We do not want to have a predefined schema, but rather we want the database to just take what data we give it and store it. However, we are not quite ready to give up all of the flexibility in querying that is provided by a relational database. This is what peaked our interest in Mongo DB. What makes Mongo DB unique amongst document style databases is that it allows you to store full documents in collections (Think of a collection as a schema free Table) in JSON format, BUT it still gives you the ability to query over any fields in those documents and create indexes for fields often queried. This is what made us so interested in Mongo DB.

Alright, to the fun stuff! Let’s try out Mongo DB

  • Download the software: http://www.mongodb.org/display/DOCS/Downloads
  • Unzip the Mongo DB software to a folder such as: C:\mongodb-win32-x86_64-1.2.2
  • Create a folder to store database files:
    • The default folder is C:\data\db on windows and “/data/db” on unix systems.
    • Make sure to create this folder before starting Mongo DB.
  • Start Mongo DB
    • cd C:\mongodb-win32-x86_64-1.2.2\bin
    • mongod.exe
    • NOTE: If you get an error saying “Assertion: dpath (/data/db/) does not exist” then you have either not created the directory, or permissions have not been set appropriately.

Interactive Shell

Mongo DB provides a shell interface for querying the database directly. This is very useful when you want to try the database for the first time.

To start the Interactive shell:
cd C:\mongodb-win32-x86_64-1.2.2\bin
mongo.exe

Just to get started let’s try out a few basic statements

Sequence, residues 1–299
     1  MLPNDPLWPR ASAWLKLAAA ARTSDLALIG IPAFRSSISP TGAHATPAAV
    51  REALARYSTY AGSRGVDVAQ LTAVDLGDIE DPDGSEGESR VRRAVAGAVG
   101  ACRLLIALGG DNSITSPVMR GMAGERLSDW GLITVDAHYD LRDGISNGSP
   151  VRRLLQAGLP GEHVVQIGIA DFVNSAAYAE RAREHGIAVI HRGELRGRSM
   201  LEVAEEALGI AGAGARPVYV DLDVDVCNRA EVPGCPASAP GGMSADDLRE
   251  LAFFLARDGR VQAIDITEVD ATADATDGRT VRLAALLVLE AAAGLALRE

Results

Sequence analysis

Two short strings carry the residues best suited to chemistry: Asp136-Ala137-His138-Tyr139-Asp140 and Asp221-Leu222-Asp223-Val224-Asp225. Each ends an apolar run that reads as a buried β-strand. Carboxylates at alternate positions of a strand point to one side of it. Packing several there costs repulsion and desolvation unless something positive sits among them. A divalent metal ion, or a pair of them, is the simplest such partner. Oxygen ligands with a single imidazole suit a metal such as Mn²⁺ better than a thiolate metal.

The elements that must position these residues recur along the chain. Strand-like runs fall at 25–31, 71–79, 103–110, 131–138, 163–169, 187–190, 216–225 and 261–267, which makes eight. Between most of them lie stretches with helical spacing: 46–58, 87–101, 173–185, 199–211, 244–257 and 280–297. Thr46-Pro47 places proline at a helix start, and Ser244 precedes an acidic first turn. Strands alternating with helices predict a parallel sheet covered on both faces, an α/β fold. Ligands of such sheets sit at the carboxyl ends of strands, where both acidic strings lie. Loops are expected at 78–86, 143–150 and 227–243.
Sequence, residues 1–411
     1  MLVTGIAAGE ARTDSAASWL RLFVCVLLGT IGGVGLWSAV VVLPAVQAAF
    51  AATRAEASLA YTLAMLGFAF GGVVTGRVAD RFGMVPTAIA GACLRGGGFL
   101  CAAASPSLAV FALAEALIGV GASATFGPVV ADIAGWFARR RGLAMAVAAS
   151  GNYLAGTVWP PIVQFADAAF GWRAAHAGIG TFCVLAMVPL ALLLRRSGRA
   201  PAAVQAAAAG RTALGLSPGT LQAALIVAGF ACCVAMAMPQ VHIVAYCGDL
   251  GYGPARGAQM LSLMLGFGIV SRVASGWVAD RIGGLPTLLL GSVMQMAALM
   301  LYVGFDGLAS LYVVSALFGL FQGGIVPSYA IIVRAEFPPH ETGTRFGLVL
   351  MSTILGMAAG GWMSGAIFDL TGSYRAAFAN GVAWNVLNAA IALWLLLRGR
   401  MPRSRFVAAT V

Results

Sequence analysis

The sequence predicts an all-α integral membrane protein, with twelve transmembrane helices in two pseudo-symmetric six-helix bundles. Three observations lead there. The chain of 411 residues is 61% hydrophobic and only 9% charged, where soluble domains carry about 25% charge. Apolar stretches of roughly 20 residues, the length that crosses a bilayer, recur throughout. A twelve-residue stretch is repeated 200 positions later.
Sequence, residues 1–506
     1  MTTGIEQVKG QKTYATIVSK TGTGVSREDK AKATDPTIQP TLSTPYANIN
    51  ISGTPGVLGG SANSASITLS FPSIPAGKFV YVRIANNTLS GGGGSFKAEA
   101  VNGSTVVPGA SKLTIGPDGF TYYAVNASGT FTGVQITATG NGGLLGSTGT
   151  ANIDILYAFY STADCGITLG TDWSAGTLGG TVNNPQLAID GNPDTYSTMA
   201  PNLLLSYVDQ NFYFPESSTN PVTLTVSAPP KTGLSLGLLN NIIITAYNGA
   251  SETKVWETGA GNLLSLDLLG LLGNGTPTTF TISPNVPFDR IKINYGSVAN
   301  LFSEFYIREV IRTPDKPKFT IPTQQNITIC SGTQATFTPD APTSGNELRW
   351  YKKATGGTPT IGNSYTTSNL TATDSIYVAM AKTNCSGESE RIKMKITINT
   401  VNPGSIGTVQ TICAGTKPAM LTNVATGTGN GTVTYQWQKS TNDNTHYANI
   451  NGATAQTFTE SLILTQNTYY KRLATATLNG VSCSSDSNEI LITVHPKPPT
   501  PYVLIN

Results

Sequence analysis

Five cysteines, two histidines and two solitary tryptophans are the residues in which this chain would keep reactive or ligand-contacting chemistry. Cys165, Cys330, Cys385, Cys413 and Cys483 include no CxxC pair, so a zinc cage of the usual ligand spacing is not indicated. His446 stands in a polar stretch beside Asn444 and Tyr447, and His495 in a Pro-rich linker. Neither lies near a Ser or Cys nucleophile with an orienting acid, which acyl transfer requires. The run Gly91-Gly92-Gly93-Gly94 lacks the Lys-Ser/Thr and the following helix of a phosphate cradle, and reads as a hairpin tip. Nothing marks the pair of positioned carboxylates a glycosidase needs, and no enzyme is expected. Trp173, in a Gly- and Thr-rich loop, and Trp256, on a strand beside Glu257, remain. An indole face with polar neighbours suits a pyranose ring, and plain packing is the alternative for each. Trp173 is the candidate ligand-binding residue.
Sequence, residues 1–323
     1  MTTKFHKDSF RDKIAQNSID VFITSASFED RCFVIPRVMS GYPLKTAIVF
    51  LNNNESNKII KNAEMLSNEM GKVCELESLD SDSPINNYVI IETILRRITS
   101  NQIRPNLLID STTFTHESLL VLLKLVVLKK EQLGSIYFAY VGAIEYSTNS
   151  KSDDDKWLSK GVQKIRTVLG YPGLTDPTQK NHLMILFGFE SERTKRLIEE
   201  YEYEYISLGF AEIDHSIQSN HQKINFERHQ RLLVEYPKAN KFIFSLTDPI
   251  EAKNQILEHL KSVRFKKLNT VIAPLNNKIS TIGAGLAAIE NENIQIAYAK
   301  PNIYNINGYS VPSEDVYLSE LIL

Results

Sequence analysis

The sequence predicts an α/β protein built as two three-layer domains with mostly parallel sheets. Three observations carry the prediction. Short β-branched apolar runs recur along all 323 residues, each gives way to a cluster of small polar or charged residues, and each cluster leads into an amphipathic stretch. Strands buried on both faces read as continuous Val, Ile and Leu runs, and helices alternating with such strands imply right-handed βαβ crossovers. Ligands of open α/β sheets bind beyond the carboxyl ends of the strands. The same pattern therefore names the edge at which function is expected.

Insert a document into a new collection
Note that when we insert the document “car” we are also creating a brand new collection called “cars”. You can think of a collection as being like a table in a relational database, but without any defined schema. Also note that creation of collections is on demand, if you try to insert a document with a collection name that does not exist, a new collection will be create and the document will be inserted.

> car = { make: "Ford" , model: "Galaxy"};
     { "make" : "Ford", "model" : "Galaxy" }
> db.cars.save(car);
> db.cars.find();
     { "_id" : ObjectId("4b7789f2fb5c000000006faa"), "make" : "Ford", "model" : "Galaxy" }

Query for the document
In the above statement we inserted a new document and just did a “find” which returns ALL documents in the collection. But what if we want to query for a specific document? Mongo DB providers a function called “findOne” which returns a single document based on search criteria provided.

> db.cars.findOne({ make: "Ford" });
     {
             "_id" : ObjectId("4b7789f2fb5c000000006faa"),
             "make" : "Ford",
             "model" : "Galaxy"
     }

Update the existing document
In this update statement we are saying for every document in collection “cars” with a “model” type of “Galaxy”, set the “status” field to “InStock”. In an update if the “status” field already exists it will be updated, but also if the field does not exist on that document it will also be added.